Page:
- Born in October 1989
- Study of Electrical Engineering (VLSI Design) at Karunya University, Coimbatore (India)
- Obtaining bachelor of technology (B.Tech.) degree in May 2011
- Topic of bachelor thesis: Retrofitting of Relay Logic Based Stud Welding Machine using Programmable Logic Controller
- Obtaining master of technology (M.Tech.) degree in May 2013
- Topic of master thesis: Bringing Accuracy to Open Virtual Platforms (OVP): A Safari from High-Level Tools to Low-Level Microarchitectures
- At ITIV since September 2013
- Architectures and tools for highly efficient system-on-chip
- FPGA based highspeed communication systems
- Fellow in the Helmholtz International Research School for Teratronics (HIRST)
Terahertz technology has become a highly emerging research field, surfacing the known knowledge of the advancing world and making it to step into the unexploited gap called Terahertz gap, that lies in full potential, sandwiching itself between the microwave and infrared frequency ranges. This unharnessed gap has led to the birth of a new field called Teratronics which convolves within the key aspects of electronics and photonics. The continuously growing FPGA domain with the blooming parallelization, pipelining and reconfiguration facilities is aimed to make its mark in the future scientific world by bringing terahertz frequency application into reality. However, for now, advances in the context of Teratronics are mainly on fundamental physical layer, dealing with low complexity. There is a big gap to the application domain and the system level, because today's and near future FPGAs are not meeting the Terahertz demands. The Helmholtz International Research School for Teratronics (HIRST) endeavors to close this gap by developing and exploring future FPGA technologies by identifying their bottlenecks and incorporating latest promising breakthrough physical technologies such as optical on-chip interconnects.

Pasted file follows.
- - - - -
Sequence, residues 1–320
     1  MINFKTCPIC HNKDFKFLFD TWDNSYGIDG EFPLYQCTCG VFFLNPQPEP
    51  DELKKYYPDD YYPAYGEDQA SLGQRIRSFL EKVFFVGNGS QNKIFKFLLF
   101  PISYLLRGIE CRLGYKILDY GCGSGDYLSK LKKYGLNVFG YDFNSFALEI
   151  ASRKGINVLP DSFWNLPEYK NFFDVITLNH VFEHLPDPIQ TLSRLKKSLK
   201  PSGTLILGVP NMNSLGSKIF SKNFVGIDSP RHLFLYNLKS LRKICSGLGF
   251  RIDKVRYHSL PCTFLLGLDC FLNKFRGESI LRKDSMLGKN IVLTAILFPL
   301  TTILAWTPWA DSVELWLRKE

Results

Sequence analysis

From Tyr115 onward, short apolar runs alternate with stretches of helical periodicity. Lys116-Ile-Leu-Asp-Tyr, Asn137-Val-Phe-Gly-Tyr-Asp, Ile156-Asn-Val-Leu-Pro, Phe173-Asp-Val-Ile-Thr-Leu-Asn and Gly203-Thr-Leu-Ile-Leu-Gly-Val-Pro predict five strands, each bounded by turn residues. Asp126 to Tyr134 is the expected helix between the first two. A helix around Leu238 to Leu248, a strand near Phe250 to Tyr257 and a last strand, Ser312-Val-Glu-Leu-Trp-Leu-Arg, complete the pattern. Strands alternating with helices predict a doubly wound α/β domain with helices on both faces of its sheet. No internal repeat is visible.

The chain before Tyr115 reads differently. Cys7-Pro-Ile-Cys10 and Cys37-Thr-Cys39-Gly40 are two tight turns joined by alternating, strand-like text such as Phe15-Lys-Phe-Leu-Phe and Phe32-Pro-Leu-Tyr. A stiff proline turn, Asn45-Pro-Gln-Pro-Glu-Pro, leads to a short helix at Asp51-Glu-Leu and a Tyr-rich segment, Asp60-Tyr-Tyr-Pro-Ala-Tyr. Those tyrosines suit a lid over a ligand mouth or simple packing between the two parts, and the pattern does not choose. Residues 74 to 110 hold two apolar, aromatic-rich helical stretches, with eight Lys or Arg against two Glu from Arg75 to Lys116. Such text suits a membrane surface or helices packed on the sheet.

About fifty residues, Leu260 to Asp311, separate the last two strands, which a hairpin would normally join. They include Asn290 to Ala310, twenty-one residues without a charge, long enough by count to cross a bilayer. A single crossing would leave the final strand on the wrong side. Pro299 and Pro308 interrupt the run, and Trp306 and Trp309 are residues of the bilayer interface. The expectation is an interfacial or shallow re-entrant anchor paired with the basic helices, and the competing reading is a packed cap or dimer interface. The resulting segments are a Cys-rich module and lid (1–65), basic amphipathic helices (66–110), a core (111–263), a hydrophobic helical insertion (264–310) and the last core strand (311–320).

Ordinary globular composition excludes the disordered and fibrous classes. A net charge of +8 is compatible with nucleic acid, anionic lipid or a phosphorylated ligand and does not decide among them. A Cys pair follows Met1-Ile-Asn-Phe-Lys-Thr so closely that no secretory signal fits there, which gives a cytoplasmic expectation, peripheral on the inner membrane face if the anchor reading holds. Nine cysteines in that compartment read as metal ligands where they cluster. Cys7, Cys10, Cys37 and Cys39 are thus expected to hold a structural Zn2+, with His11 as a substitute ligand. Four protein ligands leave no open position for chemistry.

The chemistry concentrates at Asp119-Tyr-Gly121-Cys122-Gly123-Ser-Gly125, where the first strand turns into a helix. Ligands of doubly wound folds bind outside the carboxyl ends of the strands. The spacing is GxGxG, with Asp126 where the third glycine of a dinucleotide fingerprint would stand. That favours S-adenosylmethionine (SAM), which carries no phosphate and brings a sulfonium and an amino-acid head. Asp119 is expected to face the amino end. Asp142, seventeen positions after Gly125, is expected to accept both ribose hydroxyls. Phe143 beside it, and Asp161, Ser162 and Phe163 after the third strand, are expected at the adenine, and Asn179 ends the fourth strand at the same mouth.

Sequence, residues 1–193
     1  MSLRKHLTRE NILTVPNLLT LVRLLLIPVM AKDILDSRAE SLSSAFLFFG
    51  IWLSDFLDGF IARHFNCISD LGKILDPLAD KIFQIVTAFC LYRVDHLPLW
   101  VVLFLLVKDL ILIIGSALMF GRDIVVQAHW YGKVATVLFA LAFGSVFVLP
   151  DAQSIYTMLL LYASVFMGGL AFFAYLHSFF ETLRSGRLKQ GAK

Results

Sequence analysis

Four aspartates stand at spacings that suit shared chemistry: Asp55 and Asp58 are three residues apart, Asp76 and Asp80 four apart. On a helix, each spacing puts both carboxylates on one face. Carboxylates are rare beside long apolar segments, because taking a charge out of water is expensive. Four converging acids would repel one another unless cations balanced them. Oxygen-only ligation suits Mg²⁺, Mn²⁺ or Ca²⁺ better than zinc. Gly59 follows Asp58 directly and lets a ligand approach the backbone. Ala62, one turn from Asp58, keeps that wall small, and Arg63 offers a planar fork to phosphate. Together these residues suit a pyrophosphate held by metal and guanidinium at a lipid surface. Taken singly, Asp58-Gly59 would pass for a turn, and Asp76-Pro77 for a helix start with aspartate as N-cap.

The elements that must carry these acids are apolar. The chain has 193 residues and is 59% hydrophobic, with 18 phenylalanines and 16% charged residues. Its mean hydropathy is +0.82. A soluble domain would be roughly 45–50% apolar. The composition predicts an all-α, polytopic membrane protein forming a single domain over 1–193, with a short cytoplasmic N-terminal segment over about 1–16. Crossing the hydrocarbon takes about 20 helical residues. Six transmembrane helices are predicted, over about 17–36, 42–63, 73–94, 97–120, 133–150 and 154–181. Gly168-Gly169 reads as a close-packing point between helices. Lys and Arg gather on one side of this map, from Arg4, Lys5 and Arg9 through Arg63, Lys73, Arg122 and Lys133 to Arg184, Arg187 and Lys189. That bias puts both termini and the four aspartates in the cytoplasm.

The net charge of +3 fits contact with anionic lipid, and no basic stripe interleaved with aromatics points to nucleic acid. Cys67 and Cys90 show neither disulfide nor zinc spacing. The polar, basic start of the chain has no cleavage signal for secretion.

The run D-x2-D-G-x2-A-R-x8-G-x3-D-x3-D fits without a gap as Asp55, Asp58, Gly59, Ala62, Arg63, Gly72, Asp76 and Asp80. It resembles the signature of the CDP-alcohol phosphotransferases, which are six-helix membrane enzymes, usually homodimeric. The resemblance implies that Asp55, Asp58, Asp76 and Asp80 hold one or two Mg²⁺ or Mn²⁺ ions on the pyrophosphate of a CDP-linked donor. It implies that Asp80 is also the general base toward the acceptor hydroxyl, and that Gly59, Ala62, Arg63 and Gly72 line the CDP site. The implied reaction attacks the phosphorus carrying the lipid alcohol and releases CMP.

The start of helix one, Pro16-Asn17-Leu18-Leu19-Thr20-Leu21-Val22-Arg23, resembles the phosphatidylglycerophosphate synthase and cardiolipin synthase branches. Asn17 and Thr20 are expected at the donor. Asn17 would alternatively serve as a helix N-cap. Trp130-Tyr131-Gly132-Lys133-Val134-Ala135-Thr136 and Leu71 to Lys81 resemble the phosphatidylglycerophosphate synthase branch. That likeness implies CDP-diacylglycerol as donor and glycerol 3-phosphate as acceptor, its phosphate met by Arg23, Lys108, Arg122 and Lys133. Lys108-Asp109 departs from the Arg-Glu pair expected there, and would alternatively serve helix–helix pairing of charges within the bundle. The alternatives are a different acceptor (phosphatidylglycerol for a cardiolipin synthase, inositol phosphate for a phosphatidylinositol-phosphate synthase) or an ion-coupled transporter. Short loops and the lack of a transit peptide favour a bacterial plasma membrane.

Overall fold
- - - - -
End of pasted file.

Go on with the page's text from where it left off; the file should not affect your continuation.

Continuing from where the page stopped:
- Fellow in the Karlsruhe School of Elementary Particle and Astroparticle Physics
The tremendous data volumes in particle detectors demand for transfer rates in the range of Tb/s. Realizing these data rates on serial data connections like fibre optics arise interesting research questions throughout the whole communication and processing chain. Not only the physical link needs to be capable of the demanded bandwidth, but also the digital signal and data processing, including higher order modulation techniques for efficient bandwidth utilization and efficient communication protocols. With respect to digital signal and data processing, today’s general purpose CPUs and DSPs cannot achieve these demands. Moreover specialized highly parallel hardware is needed, thus the employment of FPGAs, that provide a large scale of programmable logic and DSP resources as well as specialized high-speed I/Os, seems very promising.